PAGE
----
The editorial approach is unusual in that in order to break the current conceptual deadlock and to encourage true innovation they have solicited inputs which are multidisciplinary. This open-ended venture is therefore perhaps more in line with what was once called Natural Philosophy than with what is currently known as 'Physics'. This is something of a departure for those who say that Physics no longer has anything to do with Philosophy. For there are physicists who believe that their predecessors have accomplished all the really important conceptual work on interpreting natural phenomena, so that there is no longer any call for radical revision in that direction. This leads to a constricted form of the discipline in which the purpose of all observation and experimentation is seen as simply to collect more and more information and fit it to conceptions which are traditionally 'cut and dried'.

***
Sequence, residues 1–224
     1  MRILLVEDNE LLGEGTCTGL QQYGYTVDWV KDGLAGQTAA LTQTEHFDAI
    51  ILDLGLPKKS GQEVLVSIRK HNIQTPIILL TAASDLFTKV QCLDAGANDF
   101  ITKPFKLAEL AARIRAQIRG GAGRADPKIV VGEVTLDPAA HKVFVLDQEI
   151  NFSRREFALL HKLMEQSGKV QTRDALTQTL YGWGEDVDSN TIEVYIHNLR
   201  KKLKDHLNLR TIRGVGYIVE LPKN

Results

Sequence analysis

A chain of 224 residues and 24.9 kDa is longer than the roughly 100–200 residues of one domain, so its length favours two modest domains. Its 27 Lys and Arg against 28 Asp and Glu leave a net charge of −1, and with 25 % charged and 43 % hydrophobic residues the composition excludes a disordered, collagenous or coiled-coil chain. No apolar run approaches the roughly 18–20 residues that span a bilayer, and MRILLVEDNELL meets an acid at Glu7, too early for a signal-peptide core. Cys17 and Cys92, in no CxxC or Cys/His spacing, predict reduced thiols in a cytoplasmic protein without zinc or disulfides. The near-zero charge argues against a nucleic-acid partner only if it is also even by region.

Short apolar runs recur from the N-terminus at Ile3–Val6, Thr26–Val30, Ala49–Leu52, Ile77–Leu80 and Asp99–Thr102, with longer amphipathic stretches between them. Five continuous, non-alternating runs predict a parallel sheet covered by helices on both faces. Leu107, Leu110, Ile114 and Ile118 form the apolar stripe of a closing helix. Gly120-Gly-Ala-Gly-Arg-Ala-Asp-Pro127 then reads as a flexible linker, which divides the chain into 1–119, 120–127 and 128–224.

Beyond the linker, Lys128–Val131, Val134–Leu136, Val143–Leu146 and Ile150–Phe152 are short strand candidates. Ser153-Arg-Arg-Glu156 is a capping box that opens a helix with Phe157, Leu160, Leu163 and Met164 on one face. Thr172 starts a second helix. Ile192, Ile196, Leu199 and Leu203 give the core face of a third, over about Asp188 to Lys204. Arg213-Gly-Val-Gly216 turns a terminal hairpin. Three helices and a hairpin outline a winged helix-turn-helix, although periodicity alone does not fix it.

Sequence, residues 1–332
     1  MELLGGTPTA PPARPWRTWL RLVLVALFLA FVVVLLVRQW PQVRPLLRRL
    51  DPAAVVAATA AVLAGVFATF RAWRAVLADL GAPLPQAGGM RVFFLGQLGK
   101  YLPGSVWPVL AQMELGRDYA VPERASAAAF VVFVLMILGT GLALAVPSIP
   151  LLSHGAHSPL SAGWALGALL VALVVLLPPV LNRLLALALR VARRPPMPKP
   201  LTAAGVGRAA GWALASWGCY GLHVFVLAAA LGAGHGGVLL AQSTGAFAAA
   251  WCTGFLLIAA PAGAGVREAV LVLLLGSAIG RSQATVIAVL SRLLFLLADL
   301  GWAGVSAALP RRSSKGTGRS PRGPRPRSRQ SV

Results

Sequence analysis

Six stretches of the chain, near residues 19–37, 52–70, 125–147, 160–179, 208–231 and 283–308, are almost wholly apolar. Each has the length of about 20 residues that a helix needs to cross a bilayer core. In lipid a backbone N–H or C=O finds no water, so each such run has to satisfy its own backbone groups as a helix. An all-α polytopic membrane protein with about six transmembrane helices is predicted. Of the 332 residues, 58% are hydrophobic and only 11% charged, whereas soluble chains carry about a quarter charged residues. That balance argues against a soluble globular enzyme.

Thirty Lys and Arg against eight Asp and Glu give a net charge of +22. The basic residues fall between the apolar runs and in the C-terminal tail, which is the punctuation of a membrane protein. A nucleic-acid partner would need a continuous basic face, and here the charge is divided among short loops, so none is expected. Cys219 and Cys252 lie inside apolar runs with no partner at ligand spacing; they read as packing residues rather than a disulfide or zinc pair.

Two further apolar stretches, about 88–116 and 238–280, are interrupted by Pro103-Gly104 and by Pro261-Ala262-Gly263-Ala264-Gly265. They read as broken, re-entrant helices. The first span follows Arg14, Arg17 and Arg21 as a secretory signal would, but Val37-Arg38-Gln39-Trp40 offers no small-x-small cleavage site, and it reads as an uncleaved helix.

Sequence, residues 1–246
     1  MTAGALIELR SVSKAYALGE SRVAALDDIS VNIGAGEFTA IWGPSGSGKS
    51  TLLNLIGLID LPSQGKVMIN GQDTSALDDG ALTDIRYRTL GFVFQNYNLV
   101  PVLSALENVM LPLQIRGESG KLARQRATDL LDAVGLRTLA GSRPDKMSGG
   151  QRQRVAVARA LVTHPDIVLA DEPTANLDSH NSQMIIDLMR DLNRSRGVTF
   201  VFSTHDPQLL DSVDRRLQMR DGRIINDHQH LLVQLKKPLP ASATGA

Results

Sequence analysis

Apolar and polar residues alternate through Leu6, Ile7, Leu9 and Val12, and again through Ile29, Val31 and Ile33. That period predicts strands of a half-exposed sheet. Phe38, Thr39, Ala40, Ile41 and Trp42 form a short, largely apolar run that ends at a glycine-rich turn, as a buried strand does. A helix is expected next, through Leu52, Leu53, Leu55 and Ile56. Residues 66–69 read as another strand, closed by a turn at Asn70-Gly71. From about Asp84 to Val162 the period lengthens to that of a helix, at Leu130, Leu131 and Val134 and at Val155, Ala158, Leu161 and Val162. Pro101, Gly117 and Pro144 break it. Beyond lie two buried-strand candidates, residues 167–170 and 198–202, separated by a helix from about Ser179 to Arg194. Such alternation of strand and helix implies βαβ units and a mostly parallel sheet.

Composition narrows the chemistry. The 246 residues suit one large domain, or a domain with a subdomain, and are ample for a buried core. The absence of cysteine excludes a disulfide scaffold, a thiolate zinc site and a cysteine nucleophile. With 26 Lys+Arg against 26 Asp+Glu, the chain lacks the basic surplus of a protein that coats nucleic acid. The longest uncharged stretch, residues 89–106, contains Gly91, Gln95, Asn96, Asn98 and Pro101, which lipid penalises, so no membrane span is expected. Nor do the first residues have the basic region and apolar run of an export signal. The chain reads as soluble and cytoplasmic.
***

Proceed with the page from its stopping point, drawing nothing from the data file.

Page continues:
The emphasis is thus on presenting informed and carefully considered descriptions of natural phenomena, economizing as far as possible on interpretations in terms of entities which turn out to be no more than speculative.